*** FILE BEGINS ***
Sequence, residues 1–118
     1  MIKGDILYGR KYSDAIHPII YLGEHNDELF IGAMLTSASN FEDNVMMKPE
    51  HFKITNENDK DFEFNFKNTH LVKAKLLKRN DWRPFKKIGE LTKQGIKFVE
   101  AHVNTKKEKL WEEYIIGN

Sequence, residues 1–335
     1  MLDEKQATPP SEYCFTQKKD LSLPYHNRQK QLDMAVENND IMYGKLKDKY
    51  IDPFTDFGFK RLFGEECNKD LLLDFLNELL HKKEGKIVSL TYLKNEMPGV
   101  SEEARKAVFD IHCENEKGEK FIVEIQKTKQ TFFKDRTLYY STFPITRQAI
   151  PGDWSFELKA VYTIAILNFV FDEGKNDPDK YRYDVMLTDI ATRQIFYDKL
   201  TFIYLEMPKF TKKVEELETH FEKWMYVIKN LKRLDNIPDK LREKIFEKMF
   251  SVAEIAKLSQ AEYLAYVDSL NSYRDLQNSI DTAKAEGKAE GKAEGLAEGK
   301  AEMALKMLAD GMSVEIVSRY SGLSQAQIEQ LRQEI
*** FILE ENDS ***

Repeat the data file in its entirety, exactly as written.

Sequence, residues 1–118
     1  MIKGDILYGR KYSDAIHPII YLGEHNDELF IGAMLTSASN FEDNVMMKPE
    51  HFKITNENDK DFEFNFKNTH LVKAKLLKRN DWRPFKKIGE LTKQGIKFVE
   101  AHVNTKKEKL WEEYIIGN

Sequence, residues 1–335
     1  MLDEKQATPP SEYCFTQKKD LSLPYHNRQK QLDMAVENND IMYGKLKDKY
    51  IDPFTDFGFK RLFGEECNKD LLLDFLNELL HKKEGKIVSL TYLKNEMPGV
   101  SEEARKAVFD IHCENEKGEK FIVEIQKTKQ TFFKDRTLYY STFPITRQAI
   151  PGDWSFELKA VYTIAILNFV FDEGKNDPDK YRYDVMLTDI ATRQIFYDKL
   201  TFIYLEMPKF TKKVEELETH FEKWMYVIKN LKRLDNIPDK LREKIFEKMF
   251  SVAEIAKLSQ AEYLAYVDSL NSYRDLQNSI DTAKAEGKAE GKAEGLAEGK
   301  AEMALKMLAD GMSVEIVSRY SGLSQAQIEQ LRQEI